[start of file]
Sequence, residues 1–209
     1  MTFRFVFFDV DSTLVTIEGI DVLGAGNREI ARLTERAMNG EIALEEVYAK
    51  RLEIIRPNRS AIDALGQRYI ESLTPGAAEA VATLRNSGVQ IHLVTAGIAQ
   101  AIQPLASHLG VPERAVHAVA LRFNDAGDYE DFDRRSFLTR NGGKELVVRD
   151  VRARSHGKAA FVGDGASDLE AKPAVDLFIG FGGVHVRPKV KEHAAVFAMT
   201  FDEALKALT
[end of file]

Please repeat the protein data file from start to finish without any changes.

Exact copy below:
Sequence, residues 1–209
     1  MTFRFVFFDV DSTLVTIEGI DVLGAGNREI ARLTERAMNG EIALEEVYAK
    51  RLEIIRPNRS AIDALGQRYI ESLTPGAAEA VATLRNSGVQ IHLVTAGIAQ
   101  AIQPLASHLG VPERAVHAVA LRFNDAGDYE DFDRRSFLTR NGGKELVVRD
   151  VRARSHGKAA FVGDGASDLE AKPAVDLFIG FGGVHVRPKV KEHAAVFAMT
   201  FDEALKALT